When Amazon isn’t involved.

When Amazon has nothing to do.

Having self-published books with Amazon, maybe I'm not the most suitable person to talk about the situation of bookstores in Italy, or maybe it's the other way around. And this stems from the fact that, after reading the "Historical bookstores that close because of Amazon", I want to write a few words on how the Italian book landscape works.

First, Italy has a glaring anomaly.

In Italy, that is, publishers also own distribution. What does it mean?

It means that all over the world the publisher simply produces the book. Then the distribution process begins, which is the whole system of logistics, advertising, events, marketing, merchandising required by the book, up to the "management" of the bookstores.

"Management" of bookstores and shop windows means that offering more or less money to put a book in the shop window, or to keep all the merchandising in sight, etc.

So, in normal countries (and I know why I'm writing another SF book and I'm contacting a publisher) it happens that you talk to the publisher, the publisher supports you in the production of the book, (if it's valid: but in Germany SF has more market and more necklaces) and in the end they decide in what format and how to do it. Well.

From that moment on, the distributor arrives. The distributor decides a lot and decides if and how to offer the book to the market. Obviously if you are Rowling the distributor already knows that he must agree with the publisher for the merchandising and the launch, but if you are nobody (but the distributor believes that it might make sense) then you find more or less in the showcase and more or less invited to present the book.

This, however, takes away a lot of power from the Publisher, and takes away a lot of power from the distributor. The fact that they are separate means that in Italy 60% of the cover price goes to distribution. In Germany it varies between 40 and 50 percent.

How do you get there?

The problem with Italy is that publishers and distributors are the same entities. We make the names:

Mondadori, Einaudi and Rizzoli have their distribution, all the rest is distributed by this Feltrinelli-Messaggerie group. Messaggerie is the Gems group, therefore Longanesi, Guanda, Neri Pozza, Garzanti and many others. It is the Mauri Spagnol family that manages everything, together with Feltrinelli. Then there is the Mondadori distribution and a very small part of independent distributions, including ALI (Agenzia Libraria International) and a few other very small ones.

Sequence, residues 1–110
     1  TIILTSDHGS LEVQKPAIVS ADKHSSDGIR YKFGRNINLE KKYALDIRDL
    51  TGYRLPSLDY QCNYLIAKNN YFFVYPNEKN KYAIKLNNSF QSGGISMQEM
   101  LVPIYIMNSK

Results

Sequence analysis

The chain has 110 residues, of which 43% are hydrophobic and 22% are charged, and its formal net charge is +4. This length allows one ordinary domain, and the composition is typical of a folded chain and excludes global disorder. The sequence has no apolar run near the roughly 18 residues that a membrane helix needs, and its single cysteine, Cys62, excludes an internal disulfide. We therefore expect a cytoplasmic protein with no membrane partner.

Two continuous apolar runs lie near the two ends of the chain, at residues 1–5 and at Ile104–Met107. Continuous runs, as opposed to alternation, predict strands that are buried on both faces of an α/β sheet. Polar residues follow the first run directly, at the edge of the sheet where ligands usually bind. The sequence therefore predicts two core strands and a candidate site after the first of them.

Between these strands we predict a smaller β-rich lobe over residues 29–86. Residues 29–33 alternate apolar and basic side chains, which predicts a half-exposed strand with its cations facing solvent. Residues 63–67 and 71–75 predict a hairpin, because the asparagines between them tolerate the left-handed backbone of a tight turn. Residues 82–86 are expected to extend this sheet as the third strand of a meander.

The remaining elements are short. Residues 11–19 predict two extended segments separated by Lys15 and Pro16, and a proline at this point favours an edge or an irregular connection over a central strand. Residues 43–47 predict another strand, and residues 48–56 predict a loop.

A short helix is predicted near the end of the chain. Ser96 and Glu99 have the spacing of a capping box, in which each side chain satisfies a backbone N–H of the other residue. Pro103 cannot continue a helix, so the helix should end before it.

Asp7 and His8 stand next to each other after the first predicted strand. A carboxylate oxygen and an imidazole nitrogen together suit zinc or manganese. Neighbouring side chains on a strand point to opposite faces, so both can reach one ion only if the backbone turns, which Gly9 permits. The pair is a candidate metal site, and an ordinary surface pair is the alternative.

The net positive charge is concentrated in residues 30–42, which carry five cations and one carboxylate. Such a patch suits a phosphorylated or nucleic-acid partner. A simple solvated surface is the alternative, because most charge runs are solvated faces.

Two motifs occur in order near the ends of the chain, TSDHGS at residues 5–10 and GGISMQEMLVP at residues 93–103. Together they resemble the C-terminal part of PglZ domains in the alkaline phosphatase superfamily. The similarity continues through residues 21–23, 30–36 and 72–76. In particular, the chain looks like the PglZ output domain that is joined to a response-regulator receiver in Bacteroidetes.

What does this mean? In case your independent publishing house wants to distribute books in Italy, it can only ask, in fact, to four entities: Amazon, Messaggerie, Feltrinelli chain and Mondadori chain. Which are also publishers.

If they say to your publishing house "no, we won't distribute it to you", your publishing house replies that you have no hope. You may have written something beautiful, but if you are not in the "mafia" of this tour, you get nothing. This makes it clear how credible characters such as Valerio Evangelisti, who is the revolutionary, quotes Toni Negri and thunders against capitalism, and then simply joins the neighborhood mafietta. Ditto for Saviano and all the other operetta revolutionaries who fight against "mafias and their culture".

Because it doesn't even matter the publishing house, which in Italy CANNOT be independent: if they can distribute it is because they agree with a distributor, and since the distributors coincide with the publishers, there are NO "independent publishing houses" in Italy ”, Are they all satellites, or are they all under blackmail / influence.

In this scenario, the problem is Amazon. Amazon has entered the distribution market, is a very powerful distributor because of its logistics, and accepts many books, and very easily. The reason is that selling online has no catalog limit.

So, it happened that when Amazon entered the scene they "opened" the market a little bit, and even traditional publishers / distributors turn to Amazon much more often.

So the situation is:

  • The traditional market, the one that flows into the bookstores, is under the control of a monopoly that in fact forces the bookstores to showcase Bruno Vespa, Totti's book, and other miserable junk food that nobody cares about, if not to the salons where the owners of the distribution live, who are friends of the various Vespa and Totti.
  • The digital market is dominated by Amazon, which however does not distribute in the bookstore. Distributes at home. The "independent" publishing houses that have raised their heads are almost all dependent on Amazon. Except that they also have the most interesting books (because I repeat: Bruno's book wasp in the window as if it were Rowling (1) is possible only because of the monopoly) and this takes away the interesting books from bookstores.

The reason Amazon is causing bookstores to disappear is that it is absorbing all the more interesting book production. Self publishing, combined with the possibility for any publisher to distribute at his own expense, are bringing all possible freedom to Amazon. And you know that when it comes to art, intellectual freedom is paramount.

I'm not saying Amazon's are Voltairians. But Amazon is not only a Buyer: it also allows publishers to work as pure sellers. In this way, Amazon accepts practically any book, as long as the publisher accepts part of the logistics under the usual Amazon conditions.

In practice, when it acts as a Buyer Amazon it acts like "the bad guys". But when it acts as an e-commerce Amazon it behaves like pure logistics. And this has opened up the market in a very heavy way, because when Amazon acts as pure logistics, "money talks", there are no Bruni Vespa that count.

And I don't mention Vespa out of sadism, but:

When Amazon has nothing to do.

When Amazon has nothing to do.